Ruled out: oppositional defiant disorder, hearing impairment, conduct disorder, vitamin deficiencies, FASD, intellectual disability, specific learning disability, dyslexia, hypothyroidism
Misdiagnosis, or old diagnoses that could have been right but were not: ADHD, bipolar disorder, mood disorder – NOS, mental disorder (what does that even mean?), disruptive mood dysregulation disorder
Diagnosis that he has almost left behind: disinhibited social engagement disorder (formerly known as RAD)
Current list: PTSD, autism spectrum disorder, anxiety disorder, speech-language impairment, sensory integration disorder (I think the last 3 are sort of “duh!” with the first two), and probable dysgraphia
WHAT A MESS, and wow, so far from science it sometimes seems. When we first got the autism diagnosis, just a couple weeks ago, it felt weird. It felt awkward, after so many misdiagnoses, to now say, “my son has autism.” I think any new diagnosis will feel weird. There have been so many errors, and it’s hard to believe that this won’t also turn into an error. It might.
Still, it’s what we have for now, and it is slowly turning into a relief. There is space in our relationship as things begin to make sense, things that didn’t quite click as long as we solely viewed his strengths and difficulties through the lenses of child, trauma, mental illness. For example, when we call his name, he does not respond over 90% of the time. Those with no understanding originally saw him as oppositional and defiant. When viewed through a trauma lens, we saw it as part of the anxiety and fight-flight-freeze response. This is still true. PTSD and trauma are still intensely parts of how his brain works. We have learned, though, that it is more complicated than that. He has difficulty with attention shifting, with multi-tasking & attending to more than one sensory information source simultaneously, with delayed processing, with the pragmatics of how and when to respond. Knowing that, learning that is a relief. It creates space and relaxation in our relationship as I see him and his abilities more clearly.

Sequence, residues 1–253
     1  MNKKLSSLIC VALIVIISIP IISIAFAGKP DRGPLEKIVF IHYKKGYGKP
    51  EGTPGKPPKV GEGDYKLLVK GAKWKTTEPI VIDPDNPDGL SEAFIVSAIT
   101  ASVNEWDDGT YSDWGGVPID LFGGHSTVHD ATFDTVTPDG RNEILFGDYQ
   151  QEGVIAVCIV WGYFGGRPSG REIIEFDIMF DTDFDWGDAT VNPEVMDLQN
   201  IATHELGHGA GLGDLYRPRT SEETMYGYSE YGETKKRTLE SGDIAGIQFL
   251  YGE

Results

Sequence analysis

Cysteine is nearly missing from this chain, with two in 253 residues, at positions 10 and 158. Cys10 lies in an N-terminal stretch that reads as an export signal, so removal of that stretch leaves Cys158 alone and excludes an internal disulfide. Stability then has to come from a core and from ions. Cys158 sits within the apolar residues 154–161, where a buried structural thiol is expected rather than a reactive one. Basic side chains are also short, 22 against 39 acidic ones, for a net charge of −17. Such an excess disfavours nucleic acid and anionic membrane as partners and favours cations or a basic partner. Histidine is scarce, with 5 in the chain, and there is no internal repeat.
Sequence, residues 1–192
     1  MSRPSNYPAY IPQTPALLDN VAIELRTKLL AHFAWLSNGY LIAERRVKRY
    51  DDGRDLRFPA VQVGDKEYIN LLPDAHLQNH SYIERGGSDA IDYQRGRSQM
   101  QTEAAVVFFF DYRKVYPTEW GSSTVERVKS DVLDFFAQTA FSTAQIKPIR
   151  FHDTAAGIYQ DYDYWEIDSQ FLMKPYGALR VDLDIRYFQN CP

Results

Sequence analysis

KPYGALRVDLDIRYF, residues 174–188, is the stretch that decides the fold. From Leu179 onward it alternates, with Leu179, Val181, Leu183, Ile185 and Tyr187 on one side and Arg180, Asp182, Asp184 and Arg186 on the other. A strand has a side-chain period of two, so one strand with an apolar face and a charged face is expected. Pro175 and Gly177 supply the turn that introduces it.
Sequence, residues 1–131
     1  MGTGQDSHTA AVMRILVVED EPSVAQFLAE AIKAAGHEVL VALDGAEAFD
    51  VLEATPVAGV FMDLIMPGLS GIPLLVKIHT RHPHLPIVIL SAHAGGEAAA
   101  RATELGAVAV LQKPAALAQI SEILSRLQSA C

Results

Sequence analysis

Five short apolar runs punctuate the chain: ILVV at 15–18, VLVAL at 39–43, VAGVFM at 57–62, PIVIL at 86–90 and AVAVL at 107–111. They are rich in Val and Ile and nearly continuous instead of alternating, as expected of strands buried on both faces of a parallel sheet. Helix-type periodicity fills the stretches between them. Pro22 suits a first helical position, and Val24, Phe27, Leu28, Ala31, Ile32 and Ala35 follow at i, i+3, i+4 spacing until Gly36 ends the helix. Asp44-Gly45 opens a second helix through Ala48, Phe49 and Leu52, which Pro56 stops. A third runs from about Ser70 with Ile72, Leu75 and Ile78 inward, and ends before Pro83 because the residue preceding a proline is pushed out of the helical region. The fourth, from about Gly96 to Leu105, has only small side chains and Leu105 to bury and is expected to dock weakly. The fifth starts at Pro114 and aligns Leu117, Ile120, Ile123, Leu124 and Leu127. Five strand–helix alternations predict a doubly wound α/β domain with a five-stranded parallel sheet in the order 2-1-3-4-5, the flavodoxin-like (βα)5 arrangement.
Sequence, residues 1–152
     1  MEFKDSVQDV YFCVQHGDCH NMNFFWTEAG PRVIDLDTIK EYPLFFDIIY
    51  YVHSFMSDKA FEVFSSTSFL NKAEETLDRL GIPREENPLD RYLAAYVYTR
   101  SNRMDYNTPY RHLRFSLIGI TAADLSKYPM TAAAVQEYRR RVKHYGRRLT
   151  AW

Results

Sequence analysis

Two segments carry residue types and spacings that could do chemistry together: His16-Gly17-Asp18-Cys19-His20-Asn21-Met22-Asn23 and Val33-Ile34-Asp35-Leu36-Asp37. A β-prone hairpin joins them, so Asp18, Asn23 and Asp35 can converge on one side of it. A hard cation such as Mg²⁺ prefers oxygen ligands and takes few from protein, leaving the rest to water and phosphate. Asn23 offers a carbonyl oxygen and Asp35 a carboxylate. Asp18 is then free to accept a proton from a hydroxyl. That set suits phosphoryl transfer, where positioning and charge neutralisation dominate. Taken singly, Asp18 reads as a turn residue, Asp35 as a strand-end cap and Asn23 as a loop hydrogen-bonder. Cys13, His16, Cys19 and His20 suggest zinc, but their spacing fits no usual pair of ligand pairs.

There are lots of things like that we have noticed over the past few months, as the possibility of the diagnosis became more and more clear — his eye for detail, associational thinking, difficulty generalizing concepts, literal understanding of language, difficulty with multiple step directions, difficulty with conversation, with social rules, and oh the sensory things!
The sad thing to me is that these aren’t new traits. Some of them I noticed a year ago. He was almost diagnosed with autism three years ago. However, once a child has been in foster care, that’s ALL anyone can see. He was labeled bad, then ADHD, then a whole host of other things. People assumed he was doing it on purpose. Then we came along, and we focused on the trauma, before looking at anything else. I don’t know that there was any other way to do it by then.
Now we know, though, that he is a complex child. His labels may change, but we are learning to seek out his individual profile of strengths and challenges in a way that even we missed before. I can only see good things coming from that.